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District of Columbia

Judy and Dennis Shepard discuss Nex Benedict, anti-LGBTQ laws at DC event

Nonbinary Okla. high school student died last month after fight

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Dennis and Judy Shephard speak at the Raben Group’s D.C. offices on Feb. 29, 2024. (Washington Blade photo by Amber Laenen)

Judy and Dennis Shepard on Thursday reflected on Nex Benedict’s death and the proliferation of anti-LGBTQ laws across the country during a discussion the Raben Group hosted at their D.C. office.

The discussion, which MSNBC host Jonathan Capehart moderated, took place less than a month after Benedict died.

Benedict, who was nonbinary, passed away on Feb. 8 after students at their high school in Owasso, Okla., assaulted them in a bathroom. 

Vice President Kamala Harris, White House Press Secretary Karine Jean-Pierre, House Speaker Emerita Nancy Pelosi (D-Calif.) and Republican Oklahoma Gov. Kevin Stitt are among those who have publicly responded to Benedict’s death, which took place after they endured months of bullying. More than 300 advocacy groups have demanded Oklahoma Superintendent of Public Instruction Ryan Walters’ removal and called for a federal investigation into the Oklahoma Department of Education’s “actions and policies” that have facilitated a “culture where rampant harassment of 2SLGBTQI+ students has been allowed to go unchecked.”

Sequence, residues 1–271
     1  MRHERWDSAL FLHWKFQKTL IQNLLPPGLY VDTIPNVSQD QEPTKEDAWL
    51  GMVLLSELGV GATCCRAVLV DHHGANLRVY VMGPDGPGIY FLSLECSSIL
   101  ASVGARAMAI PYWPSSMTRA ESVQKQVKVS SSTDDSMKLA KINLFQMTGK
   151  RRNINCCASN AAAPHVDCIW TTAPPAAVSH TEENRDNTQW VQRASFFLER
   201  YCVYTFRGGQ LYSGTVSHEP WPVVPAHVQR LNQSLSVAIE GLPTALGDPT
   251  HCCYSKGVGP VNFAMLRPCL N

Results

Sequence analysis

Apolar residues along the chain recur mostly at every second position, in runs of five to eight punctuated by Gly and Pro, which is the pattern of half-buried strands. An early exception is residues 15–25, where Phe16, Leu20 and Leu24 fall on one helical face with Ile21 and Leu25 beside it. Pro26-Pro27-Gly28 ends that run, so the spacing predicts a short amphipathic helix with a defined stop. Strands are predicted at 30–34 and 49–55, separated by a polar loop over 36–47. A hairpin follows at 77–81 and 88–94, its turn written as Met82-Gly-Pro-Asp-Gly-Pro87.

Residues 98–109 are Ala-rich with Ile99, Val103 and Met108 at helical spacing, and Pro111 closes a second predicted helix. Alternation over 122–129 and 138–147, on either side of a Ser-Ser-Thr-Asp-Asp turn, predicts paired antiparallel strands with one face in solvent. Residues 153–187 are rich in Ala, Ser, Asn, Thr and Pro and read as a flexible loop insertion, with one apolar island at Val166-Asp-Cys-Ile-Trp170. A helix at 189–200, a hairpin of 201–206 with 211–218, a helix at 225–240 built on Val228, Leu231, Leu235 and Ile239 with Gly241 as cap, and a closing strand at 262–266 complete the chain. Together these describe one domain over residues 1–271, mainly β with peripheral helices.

“Parents are doing whatever they can to protect and encourage and support kids, and you have these what I call evil, evil people around the country pushing these laws,” said Dennis Shepard.

He noted lawmakers around the country are pushing anti-LGBTQ laws and other efforts that include the elimination of diversity, equity and inclusion programs. Dennis Shepard also highlighted an effort to defund gender studies programs at the University of Wyoming.

“[It is] the old white male, Christian geezers who want to go back to the days of the 50s when they had that superior arrogant attitude,” he said. “They’re losing it and they don’t want to, so they’re passing everything they can.”

“What happened to Nex is a result of that,” added Dennis Shepard. “They feel like Henderson and McKinney felt when they took Matt out on the prairie.”

Matthew Shepard died on Oct. 12, 1998, after Russell Henderson and Aaron McKinney brutally beat him and left him tied to a fence in Laramie, Wyo. Then-President Barack Obama in 2009 signed the Matthew Shepard and James Byrd Jr. Hate Crimes Prevention Act, which added sexual orientation and gender identity to the federal hate crimes law.

“If you’re considered different, you’re in fear of your life right now because you don’t fit in and it’s got to stop,” said Dennis Shepard.

Judy Shepard echoed her husband, noting this moment is “the last gasp of the fight against the community.”